Project description:The contactin-associated protein-like 2 (CNTNAP2) gene is a member of the neurexin superfamily. CNTNAP2 was first implicated in the cortical dysplasia-focal epilepsy (CDFE) syndrome, a recessive disease characterized by intellectual disability, epilepsy, language impairments and autistic features. Associated SNPs and heterozygous deletions in CNTNAP2 were subsequently reported in autism, schizophrenia and other psychiatric or neurological disorders. We aimed to comprehensively examine evidence for the role of CNTNAP2 in susceptibility to psychiatric disorders, by the analysis of multiple classes of genetic variation in large genomic datasets. In this study we used: i) summary statistics from the Psychiatric Genomics Consortium (PGC) GWAS for seven psychiatric disorders; ii) examined all reported CNTNAP2 structural variants in patients and controls; iii) performed cross-disorder analysis of functional or previously associated SNPs; and iv) conducted burden tests for pathogenic rare variants using sequencing data (4,483 ASD and 6,135 schizophrenia cases, and 13,042 controls). The distribution of CNVs across CNTNAP2 in psychiatric cases from previous reports was no different from controls of the database of genomic variants. Gene-based association testing did not implicate common variants in autism, schizophrenia or other psychiatric phenotypes. The association of proposed functional SNPs rs7794745 and rs2710102, reported to influence brain connectivity, was not replicated; nor did predicted functional SNPs yield significant results in meta-analysis across psychiatric disorders at either SNP-level or gene-level. Disrupting CNTNAP2 rare variant burden was not higher in autism or schizophrenia compared to controls. Finally, in a CNV mircroarray study of an extended bipolar disorder family with 5 affected relatives we previously identified a 131kb deletion in CNTNAP2 intron 1, removing a FOXP2 transcription factor binding site. Quantitative-PCR validation and segregation analysis of this CNV revealed imperfect segregation with BD. This large comprehensive study indicates that CNTNAP2 may not be a robust risk gene for psychiatric phenotypes.
Project description:Introduction: Mutations in the contactin-associated protein-like 2 (CNTNAP2) gene (MIM#604569) encoding for CASPR2, a cell adhesion protein of the neurexin family, are known to be associated with autism, intellectual disability, and other neuropsychiatric disorders. A set of intronic deletions of CNTNAP2 gene has also been suggested to have a causative role in individuals with a wide phenotypic spectrum, including Pitt-Hopkins syndrome, cortical dysplasia-focal epilepsy syndrome, Tourette syndrome, language dysfunction, and abnormal behavioral manifestations. Case presentation: A 10-years-old boy was referred to the hospital with mild intellectual disability and language impairment. Moreover, the child exhibited minor facial features, epileptic seizures, and notable behavioral abnormalities including impulsivity, aggressivity, and hyperactivity suggestive of the diagnosis of disruptive, impulse-control and conduct disorder (CD). Array comparative genomic hybridization (CGH) revealed a copy number variant (CNV) deletion in the first intron of CNTNAP2 gene inherited from a healthy father. Conclusions: A comprehensive description of the phenotypic features of the child is provided, revealing a distinct and remarkable alteration of social behavior not previously reported in individuals affected by disorders related to CNTNAP2 gene disruptions. A possible causative link between the deletion of a non-coding regulatory region and the symptoms presented by the boy has been advanced.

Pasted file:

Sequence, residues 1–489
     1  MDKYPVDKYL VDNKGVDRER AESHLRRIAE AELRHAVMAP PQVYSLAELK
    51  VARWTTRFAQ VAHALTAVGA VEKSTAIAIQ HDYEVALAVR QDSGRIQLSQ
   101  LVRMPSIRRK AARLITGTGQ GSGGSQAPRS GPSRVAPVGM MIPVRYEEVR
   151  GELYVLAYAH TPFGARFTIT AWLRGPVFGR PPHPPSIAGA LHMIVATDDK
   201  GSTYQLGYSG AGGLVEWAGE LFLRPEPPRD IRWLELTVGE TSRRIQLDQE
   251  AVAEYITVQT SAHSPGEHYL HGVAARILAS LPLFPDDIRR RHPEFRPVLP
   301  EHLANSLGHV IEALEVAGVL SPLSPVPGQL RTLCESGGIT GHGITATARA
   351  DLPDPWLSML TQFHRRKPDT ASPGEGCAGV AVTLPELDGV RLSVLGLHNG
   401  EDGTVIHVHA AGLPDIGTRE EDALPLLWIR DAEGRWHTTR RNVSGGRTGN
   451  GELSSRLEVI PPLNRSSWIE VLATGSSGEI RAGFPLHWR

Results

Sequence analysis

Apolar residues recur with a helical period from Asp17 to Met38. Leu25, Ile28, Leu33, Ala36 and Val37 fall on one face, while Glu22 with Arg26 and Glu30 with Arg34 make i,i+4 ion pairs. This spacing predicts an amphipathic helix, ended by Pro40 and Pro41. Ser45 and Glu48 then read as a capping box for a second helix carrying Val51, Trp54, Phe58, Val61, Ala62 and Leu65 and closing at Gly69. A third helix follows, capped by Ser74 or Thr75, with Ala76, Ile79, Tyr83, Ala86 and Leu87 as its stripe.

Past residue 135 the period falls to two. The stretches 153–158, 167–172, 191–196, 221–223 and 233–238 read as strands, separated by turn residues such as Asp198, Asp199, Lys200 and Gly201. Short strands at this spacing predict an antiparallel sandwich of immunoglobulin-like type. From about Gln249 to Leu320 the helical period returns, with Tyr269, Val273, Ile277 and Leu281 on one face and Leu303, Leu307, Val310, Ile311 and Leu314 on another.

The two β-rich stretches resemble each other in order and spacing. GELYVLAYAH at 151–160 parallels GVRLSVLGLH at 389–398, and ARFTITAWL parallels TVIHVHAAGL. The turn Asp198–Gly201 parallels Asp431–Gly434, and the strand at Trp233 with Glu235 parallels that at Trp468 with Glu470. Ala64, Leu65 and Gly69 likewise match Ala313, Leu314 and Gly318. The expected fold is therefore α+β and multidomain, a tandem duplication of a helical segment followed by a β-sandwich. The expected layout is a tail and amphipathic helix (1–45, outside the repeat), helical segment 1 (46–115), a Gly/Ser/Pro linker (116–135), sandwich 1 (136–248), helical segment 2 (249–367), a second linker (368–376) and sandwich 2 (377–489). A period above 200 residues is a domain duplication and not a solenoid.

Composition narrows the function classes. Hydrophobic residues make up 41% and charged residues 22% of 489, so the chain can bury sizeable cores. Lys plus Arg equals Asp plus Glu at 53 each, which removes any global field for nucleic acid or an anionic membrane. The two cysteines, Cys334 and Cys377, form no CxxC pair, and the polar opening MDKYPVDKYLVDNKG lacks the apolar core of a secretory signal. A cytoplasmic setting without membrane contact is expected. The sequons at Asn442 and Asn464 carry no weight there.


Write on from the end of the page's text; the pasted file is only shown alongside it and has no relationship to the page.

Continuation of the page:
Project description:GABAergic interneurons are emerging as prominent substrates in the pathophysiology of multiple neurodevelopmental disorders, including autism spectrum disorders, schizophrenia, intellectual disability, and epilepsy. Interneuron excitatory activity is influenced by 2-amino-3-(3-hydroxy-5-methyl-isoxazol-4-yl) propanoic acid receptors (AMPARs), which in turn affects excitatory transmission in the central nervous system. Yet how dysregulation of interneuronal AMPARs distinctly contributes to the molecular underpinning of neurobiological disease is drastically underexplored. Contactin-associated protein-like 2 (CNTNAP2) is a neurexin-related adhesion molecule shown to mediate AMPAR subcellular distribution while calcium/calmodulin-dependent serine protein kinase (CASK) is a multi-functional scaffold involved with glutamate receptor trafficking. Mutations in both genes have overlapping disease associations, including autism spectrum disorders, intellectual disability, and epilepsy, thus suggesting converging perturbations of excitatory/inhibitory balance. Our lab has previously shown that CNTNAP2 stabilizes interneuron dendritic arbors through CASK and that CNTNAP2 regulates AMPAR subunit GluA1 trafficking in excitatory neurons. The interaction between these three proteins, however, has not been studied in interneurons. Using biochemical techniques, structured illumination microscopy (SIM) and shRNA technology, we first confirm that these three proteins interact in mouse brain, and then examined relationship between CNTNAP2, CASK and GluA1 in mature interneurons. Using SIM, we ascertain that a large fraction of endogenous CNTNAP2, CASK, and GluA1 molecules collectively colocalize together in a tripartite manner. Finally, individual knockdown of either CNTNAP2 or CASK similarly alter GluA1 levels and localization. These findings offer insight to molecular mechanisms underlying GluA1 regulation in interneurons.